Originally published on Latino Rebels and republished here with their permission.
Over the last few years, the use of the identifier “Latinx” (pronounced “Latin-ex”), born out of a collective aim to move beyond the masculine-centric “Latino” and the gender inclusive but binary embedded “[email protected],” has received increasing attention and usage in popular to scholarly spheres.
Earlier this year, Latina magazine headlined a short blog by Raquel Reichard on the burgeoning term, as did the Columbia Spectator in a longer report, both featuring quotes by scholars and activists who hailed its importance in disrupting the traditional gender binary and acknowledging the vast spectrum of gender and sexual identities.
The social media popular Latino Rebels has published more pieces with usage of the term, including a recent thoughtful essay by Blanca E. Vega, as are advocacy and academic conference programs incrementally evidencing its application.
But with a newer, burgeoning identifier also comes opposition and resistance. Recently, the National Institute of Latino Policy e-blasted just that, “The Argument Against the Use of the Term ‘Latinx,” written by Gilbert Guerra and Gilbert Orbea of Swarthmore College, which equally came to our attention by colleagues and social media.
As scholars, whose interdisciplinary work independently addresses the intersections of gender, race and class, with one of us identifying as a genderqueer Puerto Rican, we would like to address what essentially surmounts to a reactionary response that fails to substantively consider intersecting areas of privilege and oppression.
We feel it is representative of the reiterations of these very arguments we not only hear and read in our own personal and academic circles, arguments that will not disappear anytime soon, but equally hold implications for the future of Latinx-based scholarship, advocacy and policy formation.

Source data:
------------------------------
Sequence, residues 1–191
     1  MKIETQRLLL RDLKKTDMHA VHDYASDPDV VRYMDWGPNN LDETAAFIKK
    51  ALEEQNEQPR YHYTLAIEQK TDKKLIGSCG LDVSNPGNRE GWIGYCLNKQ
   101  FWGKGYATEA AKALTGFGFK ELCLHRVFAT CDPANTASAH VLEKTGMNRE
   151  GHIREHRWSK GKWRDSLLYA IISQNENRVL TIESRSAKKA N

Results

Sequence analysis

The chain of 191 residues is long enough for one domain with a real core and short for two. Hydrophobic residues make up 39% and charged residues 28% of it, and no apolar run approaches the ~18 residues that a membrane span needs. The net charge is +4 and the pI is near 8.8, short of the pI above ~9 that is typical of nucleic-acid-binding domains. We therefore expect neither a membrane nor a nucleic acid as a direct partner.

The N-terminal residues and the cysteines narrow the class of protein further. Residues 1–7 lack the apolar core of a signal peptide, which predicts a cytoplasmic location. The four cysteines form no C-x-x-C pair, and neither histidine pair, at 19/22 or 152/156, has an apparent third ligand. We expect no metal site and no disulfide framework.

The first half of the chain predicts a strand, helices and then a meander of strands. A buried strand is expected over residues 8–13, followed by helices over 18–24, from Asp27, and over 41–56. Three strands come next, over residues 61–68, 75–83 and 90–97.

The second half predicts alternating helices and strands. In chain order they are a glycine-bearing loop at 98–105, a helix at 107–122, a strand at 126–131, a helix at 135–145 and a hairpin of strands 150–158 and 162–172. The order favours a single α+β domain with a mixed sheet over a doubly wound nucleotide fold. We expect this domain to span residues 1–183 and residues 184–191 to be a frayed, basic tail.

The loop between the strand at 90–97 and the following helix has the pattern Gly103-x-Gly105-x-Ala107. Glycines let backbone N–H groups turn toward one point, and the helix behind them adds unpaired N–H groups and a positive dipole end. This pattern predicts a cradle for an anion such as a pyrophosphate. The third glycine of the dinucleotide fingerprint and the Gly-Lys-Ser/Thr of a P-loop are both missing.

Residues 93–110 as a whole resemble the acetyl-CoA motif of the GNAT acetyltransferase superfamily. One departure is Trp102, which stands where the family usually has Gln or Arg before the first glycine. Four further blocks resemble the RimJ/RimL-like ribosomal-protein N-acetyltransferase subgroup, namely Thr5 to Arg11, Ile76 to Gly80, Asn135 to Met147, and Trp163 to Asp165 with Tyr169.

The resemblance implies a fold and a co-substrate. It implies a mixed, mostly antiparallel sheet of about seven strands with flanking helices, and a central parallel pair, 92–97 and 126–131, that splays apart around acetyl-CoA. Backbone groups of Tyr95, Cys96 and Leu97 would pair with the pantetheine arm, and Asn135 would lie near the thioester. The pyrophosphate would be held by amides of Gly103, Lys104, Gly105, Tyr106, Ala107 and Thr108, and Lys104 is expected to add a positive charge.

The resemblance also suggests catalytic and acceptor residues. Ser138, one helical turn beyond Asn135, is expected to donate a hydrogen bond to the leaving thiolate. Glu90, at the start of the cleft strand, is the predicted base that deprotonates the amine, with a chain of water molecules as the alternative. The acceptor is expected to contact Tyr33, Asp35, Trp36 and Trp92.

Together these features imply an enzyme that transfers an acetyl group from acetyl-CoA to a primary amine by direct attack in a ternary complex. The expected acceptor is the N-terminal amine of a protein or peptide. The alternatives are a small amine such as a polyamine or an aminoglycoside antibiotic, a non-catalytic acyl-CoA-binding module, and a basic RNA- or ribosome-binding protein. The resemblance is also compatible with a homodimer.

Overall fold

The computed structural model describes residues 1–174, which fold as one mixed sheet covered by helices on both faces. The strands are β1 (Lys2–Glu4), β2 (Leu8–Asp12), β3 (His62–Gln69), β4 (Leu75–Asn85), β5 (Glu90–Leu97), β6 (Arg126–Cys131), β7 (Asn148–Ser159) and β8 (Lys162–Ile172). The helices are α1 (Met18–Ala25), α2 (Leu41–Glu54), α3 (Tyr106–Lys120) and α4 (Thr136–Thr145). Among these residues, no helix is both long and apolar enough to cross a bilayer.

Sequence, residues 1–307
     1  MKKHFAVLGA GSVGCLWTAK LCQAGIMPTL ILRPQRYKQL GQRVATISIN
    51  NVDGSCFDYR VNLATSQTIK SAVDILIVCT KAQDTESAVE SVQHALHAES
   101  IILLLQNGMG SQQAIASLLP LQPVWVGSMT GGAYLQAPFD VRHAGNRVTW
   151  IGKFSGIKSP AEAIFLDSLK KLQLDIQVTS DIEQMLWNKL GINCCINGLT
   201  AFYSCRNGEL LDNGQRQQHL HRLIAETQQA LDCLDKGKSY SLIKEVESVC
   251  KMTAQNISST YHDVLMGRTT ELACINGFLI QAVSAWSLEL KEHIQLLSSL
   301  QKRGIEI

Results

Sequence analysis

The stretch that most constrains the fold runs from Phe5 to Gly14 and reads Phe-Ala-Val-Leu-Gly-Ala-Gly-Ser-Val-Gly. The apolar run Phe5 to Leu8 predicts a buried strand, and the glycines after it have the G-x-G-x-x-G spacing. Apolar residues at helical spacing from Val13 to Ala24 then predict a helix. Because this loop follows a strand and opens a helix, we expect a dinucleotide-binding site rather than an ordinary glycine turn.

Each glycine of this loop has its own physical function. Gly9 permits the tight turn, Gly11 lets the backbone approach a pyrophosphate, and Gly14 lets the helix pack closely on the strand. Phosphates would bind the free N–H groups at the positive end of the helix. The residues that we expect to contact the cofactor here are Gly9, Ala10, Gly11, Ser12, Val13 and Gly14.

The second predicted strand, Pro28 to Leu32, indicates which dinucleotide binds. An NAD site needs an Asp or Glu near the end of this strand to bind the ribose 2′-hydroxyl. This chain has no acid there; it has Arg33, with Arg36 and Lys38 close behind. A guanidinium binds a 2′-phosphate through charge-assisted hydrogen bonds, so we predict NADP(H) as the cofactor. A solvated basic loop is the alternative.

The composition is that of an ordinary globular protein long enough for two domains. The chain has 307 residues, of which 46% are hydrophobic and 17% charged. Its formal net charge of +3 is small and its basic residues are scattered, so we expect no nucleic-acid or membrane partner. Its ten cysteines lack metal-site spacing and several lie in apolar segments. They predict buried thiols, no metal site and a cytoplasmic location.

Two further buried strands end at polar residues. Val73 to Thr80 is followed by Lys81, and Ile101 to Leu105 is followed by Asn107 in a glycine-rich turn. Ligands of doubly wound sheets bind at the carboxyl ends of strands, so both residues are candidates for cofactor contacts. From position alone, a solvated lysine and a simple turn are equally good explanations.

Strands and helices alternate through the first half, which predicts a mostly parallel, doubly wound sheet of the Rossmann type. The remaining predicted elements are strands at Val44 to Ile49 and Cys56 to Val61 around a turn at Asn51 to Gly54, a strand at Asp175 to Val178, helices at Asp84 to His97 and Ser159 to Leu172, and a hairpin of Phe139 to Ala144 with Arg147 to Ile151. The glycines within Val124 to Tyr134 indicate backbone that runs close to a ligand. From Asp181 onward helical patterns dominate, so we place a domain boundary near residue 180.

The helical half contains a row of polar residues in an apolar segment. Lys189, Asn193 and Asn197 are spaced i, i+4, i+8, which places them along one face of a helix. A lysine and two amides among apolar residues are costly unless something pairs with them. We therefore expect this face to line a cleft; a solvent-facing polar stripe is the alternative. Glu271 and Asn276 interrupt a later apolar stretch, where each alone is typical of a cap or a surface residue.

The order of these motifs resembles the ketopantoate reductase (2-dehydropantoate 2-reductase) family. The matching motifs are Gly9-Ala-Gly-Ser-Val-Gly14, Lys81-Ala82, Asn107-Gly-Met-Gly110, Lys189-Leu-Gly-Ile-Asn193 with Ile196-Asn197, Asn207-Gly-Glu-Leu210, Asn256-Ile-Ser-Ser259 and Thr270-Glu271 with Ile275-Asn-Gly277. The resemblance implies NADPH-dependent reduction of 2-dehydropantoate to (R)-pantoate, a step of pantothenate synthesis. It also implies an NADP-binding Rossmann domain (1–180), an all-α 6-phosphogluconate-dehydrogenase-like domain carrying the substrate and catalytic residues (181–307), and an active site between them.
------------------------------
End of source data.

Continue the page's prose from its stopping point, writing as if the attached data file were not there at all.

Thus we reapply sections of Guerra and Orbea’s arguments as follows, with our own specific responses:
Guerra and Orbea: It Is A “Buzzword”
The identifier “Latinx,” as a new standard, should be discouraged because it is a buzzword that fails to address any of the problems within the Spanish language on a meaningful scale….
As Latinos, we are proud of our heritage, that were raised speaking Spanish. We are not arguing against gender-inclusive language. We have no prejudice towards non-binary people.
We see, however, a misguided desire to forcibly change the language we and millions of people around the world speak, to the detriment of all.
Let us be frank from the get-go.
The authors are excluding a large part of the population that they are claiming to be part of: Latinxs that were not raised speaking Spanish.
The use of the Spanish language variants does not make one an authentic Latinx, in the same way the use of North American variants of the English language do not define “American.”
Not all people who self-identify as Latinx, or Latino/Hispanic, or whichever term is used on Census or job/college application forms, actually speak Spanish.
In fact, a recent report by the Pew Research Center (Krogstad, Stepler and Lopez, 2015) underscores the changing dynamics of Spanish and English language proficiency among people who self-report as “Hispanic/Latino” in the United States, with the political implication that there isn’t, as one of the above study authors was quoted, “a single Latino profile.”
Identity is fluid and dynamic and is rarely if ever understood in static, rigid terms, nor based on absolute markers.
By reducing Latinx to a “buzzword,” the suggestion that we should not strive to make our language and culture more inclusive because “Latinx” does not address systemic change is remarkably disturbing.